- Since each internal and external flaw is unique to the individual diamond, clarity can be used as identification to ensure that you received the diamond you purchased.
Carat weight: Sizing Up a Diamond
Diamonds are weighed in carats. Each carat is 1/5 of a gram or 100 points. To put it into perspective, half a carat would be 50 points. Diamonds can only be weighed accurately outside of the setting, but keep in mind that the setting may affect the appearance of a diamond’s size. The larger the carat weight, the more valuable the diamond.
Carat weight is not a reflection of a diamond’s size. In order to estimate size, cut and the diameter of the diamond’s table in millimeters should also be taken into consideration. If a diamond is cut with attention to proportions, its brilliance will make it appear larger. A diamond lower down on the cut scale may hold its weight at the bottom, therefore appearing smaller tan what its carat weight denotes.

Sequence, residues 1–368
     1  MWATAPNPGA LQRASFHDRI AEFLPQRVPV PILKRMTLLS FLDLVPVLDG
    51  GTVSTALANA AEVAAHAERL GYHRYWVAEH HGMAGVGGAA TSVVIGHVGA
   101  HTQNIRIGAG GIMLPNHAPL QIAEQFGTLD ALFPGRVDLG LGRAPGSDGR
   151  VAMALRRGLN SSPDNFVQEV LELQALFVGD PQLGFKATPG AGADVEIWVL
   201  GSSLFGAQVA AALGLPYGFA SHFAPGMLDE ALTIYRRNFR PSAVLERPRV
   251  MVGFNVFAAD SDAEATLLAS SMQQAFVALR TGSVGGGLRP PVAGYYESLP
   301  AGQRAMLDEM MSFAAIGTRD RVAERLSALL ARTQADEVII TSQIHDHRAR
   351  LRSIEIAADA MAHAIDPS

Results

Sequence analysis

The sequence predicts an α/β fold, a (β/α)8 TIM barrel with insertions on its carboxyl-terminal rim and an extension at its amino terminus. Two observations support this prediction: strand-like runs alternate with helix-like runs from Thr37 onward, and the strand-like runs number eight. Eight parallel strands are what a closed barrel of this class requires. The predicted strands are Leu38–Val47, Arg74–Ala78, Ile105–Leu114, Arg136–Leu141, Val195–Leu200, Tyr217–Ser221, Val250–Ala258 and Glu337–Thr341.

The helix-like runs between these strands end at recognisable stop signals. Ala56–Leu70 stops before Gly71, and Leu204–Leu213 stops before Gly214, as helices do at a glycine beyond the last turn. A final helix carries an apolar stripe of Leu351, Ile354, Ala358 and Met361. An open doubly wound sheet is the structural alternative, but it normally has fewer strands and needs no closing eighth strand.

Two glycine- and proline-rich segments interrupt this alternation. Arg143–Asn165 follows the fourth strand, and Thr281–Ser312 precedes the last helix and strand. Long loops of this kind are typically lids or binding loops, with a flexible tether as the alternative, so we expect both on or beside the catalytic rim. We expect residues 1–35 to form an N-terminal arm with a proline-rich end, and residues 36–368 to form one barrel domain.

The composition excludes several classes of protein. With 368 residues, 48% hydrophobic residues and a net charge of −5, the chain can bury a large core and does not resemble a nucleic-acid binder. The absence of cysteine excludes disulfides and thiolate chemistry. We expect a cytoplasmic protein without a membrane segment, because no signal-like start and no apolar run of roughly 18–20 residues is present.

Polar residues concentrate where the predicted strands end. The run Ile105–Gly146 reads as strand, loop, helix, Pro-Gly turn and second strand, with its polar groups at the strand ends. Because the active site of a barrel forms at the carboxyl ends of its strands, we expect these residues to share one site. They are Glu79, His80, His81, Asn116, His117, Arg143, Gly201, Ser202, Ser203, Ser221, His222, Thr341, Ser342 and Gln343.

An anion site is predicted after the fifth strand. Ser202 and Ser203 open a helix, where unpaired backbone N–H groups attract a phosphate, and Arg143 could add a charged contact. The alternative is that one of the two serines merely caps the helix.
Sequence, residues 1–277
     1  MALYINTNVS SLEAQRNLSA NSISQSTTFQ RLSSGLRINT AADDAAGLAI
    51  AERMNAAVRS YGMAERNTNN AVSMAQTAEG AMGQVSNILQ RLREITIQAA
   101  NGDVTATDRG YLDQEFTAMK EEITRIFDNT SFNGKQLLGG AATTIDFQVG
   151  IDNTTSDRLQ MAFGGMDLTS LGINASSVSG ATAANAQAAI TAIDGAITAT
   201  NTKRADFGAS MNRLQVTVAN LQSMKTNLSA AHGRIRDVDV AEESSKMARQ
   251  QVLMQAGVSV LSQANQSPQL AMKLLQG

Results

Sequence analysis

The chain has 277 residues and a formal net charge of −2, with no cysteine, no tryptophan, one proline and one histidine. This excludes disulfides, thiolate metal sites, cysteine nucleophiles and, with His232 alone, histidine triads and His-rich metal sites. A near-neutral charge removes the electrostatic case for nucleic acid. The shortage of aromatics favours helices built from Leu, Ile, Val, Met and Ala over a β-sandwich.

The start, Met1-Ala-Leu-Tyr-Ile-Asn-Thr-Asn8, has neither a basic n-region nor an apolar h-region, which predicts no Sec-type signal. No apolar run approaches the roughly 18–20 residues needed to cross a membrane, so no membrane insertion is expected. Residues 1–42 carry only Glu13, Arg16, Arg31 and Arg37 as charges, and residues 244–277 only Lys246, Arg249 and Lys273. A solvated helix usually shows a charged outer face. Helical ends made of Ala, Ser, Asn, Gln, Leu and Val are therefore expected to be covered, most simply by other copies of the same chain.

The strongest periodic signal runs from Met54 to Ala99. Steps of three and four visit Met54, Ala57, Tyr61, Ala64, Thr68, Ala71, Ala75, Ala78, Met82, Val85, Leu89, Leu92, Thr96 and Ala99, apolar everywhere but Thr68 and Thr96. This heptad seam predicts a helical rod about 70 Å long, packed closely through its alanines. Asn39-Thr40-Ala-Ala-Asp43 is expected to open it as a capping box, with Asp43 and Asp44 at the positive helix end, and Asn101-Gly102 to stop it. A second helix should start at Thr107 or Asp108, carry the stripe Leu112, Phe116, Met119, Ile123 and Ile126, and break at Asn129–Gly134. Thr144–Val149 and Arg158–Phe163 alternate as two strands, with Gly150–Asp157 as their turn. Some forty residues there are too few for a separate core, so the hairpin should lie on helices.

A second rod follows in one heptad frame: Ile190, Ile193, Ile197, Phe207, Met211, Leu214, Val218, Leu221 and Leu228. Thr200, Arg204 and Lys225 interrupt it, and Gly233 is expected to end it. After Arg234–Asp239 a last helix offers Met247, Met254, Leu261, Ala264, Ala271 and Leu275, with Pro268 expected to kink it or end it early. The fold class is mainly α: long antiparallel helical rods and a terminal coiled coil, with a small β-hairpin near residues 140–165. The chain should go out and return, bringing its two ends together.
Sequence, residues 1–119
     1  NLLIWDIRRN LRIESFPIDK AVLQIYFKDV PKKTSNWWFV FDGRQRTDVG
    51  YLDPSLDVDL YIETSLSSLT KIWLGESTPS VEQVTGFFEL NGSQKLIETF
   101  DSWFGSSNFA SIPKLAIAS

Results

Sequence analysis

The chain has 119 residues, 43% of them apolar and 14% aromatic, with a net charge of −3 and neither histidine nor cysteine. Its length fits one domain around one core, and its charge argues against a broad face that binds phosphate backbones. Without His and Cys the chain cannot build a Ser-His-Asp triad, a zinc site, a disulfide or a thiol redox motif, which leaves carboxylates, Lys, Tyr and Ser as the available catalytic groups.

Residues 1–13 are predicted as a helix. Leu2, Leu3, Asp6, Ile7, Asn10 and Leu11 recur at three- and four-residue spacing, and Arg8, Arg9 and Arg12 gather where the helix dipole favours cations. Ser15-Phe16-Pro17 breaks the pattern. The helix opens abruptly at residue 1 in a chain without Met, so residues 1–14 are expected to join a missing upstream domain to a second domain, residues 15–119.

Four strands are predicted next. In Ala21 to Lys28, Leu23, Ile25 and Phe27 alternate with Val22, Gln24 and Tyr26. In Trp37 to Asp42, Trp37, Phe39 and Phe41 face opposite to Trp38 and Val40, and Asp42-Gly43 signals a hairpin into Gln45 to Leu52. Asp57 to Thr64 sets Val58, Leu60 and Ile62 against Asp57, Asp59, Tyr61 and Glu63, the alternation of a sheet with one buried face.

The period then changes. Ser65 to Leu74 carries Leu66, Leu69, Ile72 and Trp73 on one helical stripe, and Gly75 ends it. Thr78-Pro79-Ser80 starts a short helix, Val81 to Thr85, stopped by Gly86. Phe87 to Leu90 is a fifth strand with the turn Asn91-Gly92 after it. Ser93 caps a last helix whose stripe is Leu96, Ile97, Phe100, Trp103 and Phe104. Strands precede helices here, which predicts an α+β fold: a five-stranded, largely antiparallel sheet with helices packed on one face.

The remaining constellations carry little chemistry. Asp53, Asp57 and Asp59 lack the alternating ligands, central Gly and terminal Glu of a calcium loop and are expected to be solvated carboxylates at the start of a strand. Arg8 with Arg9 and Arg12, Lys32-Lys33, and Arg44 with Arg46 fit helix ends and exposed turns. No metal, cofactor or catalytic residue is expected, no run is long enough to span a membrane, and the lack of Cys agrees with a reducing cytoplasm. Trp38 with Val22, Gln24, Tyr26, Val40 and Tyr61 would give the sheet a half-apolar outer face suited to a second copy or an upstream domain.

Smart Shopping: JewelBoutique.com Expert Tips:
- Consider the setting when determining the carat weight of your diamond.
- For the budget conscious, balance is important. If you are going for size, selecting a stone higher on the carat weight and cut scales, and lower on the clarity and color scales, may get you the largest diamond for the best value.
- Consider the shape of her finger—diamonds may appear smaller on thicker fingers and larger on thinner fingers.
Gemological Institute of America (GIA)
A GIA-graded diamond is your assurance of authenticity and value. At JewelsBoutique.com, we only offer diamonds that have been assessed by the Gemological Institute of America (GIA) and have received an objective and comprehensive GIA Diamond Grading Report.
JewelsBoutique.com invites you to explore more information from the Gemological Institute of America (GIA):